On April 14, 1970, Led Zeppelin played at the Civic Centre in Ottawa. Their setlist was packed with hits, and 8,000 eager fans were there to experience this event. This was a particularly interesting period in the band’s career as they were coming off the massive critical success of Led Zeppelin II, which was recorded while they were on tour in North America the previous year. While the band didn’t record Zeppelin III on this tour, the uncompromising schedule and distance between dates took a toll on the band. With 25 tour dates in less than a month, the band had only a few days to recover while on the road. Ottawa was one of the last dates on their Spring 1970 North American tour, and fatigue must have been settling in seeing as how the band had to cancel their last stop in Las Vegas due to the strain on Robert Plant’s voice. However, listening to the bootlegs below, one can only hear the explosive sounds of their cumulative efforts on stage.
“Led Zeppelin live was an extraordinary animal. From the very beginning no two performances were alike. Such was the creative spark between the four that the basic structures of their songs were repeatedly reworked, extended and improvised on, making their studio counterparts almost unrecognizable. – Led Zeppelin experts Dave Lewis and Simon Pallett
Although the tour itself was a massive success for the band, the group was also given a hard time in some US tour dates due to tension arising from the Vietnam War. It has been said that the song “That’s the Way” was written as a result of these troubling experiences during the spring tour, which is, ironically, one of their most beautiful songs. They reportedly had a gun pulled on them in texas, and repeatedly refused service at restaurants. Crowd control issues also arose, with many US dates ending with violent clashes between fans and police. Even more troubling is the fact that Jimmy Page had his 1960 Gibson Les Paul Custom ‘Black Beauty’ guitar stolen in transit from Milwaukee to Montreal via Toronto (just prior to the Ottawa show). The guitar, which had one of Page’s favourite setups, had been purchased by him in 1962 and was used in many sessions and live performances.
It had a big tremolo arm and Joe Jammer custom wired it for me. I was starting to use it more than anything else. It got nicked off the truck at the airport; we were on our way to Canada. Somewhere there was a flight change and it disappeared. It just never arrived at the other end. I advertised for it in Rolling Stone. Just a photograph – no name – and a reward. No luck though, even though it was very recognizable for all the custom work that Joe Jammer done on it. – Jimmy Page, CREEM Magazine, Winter 1980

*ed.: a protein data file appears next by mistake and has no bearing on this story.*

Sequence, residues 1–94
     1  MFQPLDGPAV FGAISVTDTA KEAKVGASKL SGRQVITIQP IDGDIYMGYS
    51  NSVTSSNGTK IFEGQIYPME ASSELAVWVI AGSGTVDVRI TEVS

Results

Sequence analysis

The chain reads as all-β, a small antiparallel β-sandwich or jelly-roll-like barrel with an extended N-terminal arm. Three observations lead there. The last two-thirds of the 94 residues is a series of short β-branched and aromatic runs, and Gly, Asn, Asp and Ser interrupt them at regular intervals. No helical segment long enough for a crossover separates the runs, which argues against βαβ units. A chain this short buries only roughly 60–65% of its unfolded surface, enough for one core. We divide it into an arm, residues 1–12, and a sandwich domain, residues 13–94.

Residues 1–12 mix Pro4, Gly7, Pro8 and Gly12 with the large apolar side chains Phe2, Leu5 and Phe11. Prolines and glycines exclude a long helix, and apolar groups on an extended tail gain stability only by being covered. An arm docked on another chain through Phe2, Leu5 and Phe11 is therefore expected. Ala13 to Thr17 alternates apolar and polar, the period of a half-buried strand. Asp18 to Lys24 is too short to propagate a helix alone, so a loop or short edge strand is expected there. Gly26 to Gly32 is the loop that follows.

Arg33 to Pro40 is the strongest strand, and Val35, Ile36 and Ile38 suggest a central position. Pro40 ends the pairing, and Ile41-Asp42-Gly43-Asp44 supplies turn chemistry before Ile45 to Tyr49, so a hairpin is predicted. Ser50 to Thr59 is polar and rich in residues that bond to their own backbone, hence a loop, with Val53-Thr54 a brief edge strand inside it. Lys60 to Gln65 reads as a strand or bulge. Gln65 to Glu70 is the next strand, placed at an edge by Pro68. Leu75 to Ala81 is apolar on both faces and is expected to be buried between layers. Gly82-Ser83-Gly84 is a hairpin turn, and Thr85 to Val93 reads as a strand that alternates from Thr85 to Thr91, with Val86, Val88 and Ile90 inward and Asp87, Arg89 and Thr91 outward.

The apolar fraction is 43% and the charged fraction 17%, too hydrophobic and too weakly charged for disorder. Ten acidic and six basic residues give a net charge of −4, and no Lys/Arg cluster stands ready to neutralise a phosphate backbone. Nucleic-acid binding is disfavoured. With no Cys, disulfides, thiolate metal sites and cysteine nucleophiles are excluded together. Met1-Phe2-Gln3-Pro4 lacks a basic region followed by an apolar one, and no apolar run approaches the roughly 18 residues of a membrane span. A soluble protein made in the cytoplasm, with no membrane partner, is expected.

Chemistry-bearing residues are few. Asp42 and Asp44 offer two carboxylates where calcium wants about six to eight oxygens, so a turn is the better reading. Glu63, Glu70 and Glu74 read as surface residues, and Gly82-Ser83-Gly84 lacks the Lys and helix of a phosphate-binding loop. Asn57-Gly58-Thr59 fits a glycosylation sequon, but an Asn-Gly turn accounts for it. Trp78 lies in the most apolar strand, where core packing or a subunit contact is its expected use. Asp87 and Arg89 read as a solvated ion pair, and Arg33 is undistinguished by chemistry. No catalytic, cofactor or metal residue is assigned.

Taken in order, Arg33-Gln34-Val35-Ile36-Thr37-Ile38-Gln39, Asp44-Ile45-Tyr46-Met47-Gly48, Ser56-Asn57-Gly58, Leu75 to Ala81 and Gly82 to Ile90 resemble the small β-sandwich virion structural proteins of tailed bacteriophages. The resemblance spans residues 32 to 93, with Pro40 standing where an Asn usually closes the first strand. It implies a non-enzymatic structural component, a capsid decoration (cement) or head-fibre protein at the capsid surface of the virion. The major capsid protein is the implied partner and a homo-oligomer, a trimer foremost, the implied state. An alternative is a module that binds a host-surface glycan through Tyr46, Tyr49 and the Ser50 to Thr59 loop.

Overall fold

After the short, yet exhausting Spring 1970 North American tour, the band retreated to a remote cottage in Wales known as Bron-Yr-Aur where they would write much of the material for Zeppelin III (Oct. 1970). Despite some of these setbacks, the Ottawa show on April 14, 1970, went off without a hitch. Bonham’s drumming was thunderous, Plant’s vocals resonated throughout the venue, Jones provided the backbone, and Page’s guitar was wild and unrestrained. The Ottawa Civic Centre may no longer hold much meaning for the current generation of Ottawans, especially with the Lansdowne redevelopment currently underway, but it was home to a number of classic rock concerts. Having opened in 1967, Led Zeppelin were one of the first major names to grace the stage at the Civic Centre, with many more to follow over the years.
Setlist – Ottawa Civic Centre, April 14, 1970 (more detail here)
Remarkably, there are bootlegs that exist from this show. Although the sound quality isn’t great, it’s really interesting to be able to hear
Read more here: http://bit.ly/zXw35k
Here are some pictures related to the event. I do not own these images, although I wish I did.